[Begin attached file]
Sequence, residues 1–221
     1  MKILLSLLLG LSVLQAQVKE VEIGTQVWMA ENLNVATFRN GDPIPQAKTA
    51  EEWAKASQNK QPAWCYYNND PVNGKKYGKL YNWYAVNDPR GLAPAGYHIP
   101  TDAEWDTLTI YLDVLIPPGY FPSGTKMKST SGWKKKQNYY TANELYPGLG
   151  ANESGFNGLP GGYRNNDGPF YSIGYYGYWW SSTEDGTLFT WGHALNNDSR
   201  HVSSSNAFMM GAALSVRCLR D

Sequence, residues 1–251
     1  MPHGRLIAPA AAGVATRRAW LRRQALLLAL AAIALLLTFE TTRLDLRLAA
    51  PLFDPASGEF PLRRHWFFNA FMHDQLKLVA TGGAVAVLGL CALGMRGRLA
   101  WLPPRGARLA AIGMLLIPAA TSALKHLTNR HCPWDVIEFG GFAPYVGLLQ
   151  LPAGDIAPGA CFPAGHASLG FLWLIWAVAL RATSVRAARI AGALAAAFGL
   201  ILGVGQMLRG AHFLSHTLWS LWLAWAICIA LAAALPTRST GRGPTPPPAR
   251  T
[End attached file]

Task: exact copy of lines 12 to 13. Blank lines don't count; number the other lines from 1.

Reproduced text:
   201  ILGVGQMLRG AHFLSHTLWS LWLAWAICIA LAAALPTRST GRGPTPPPAR
   251  T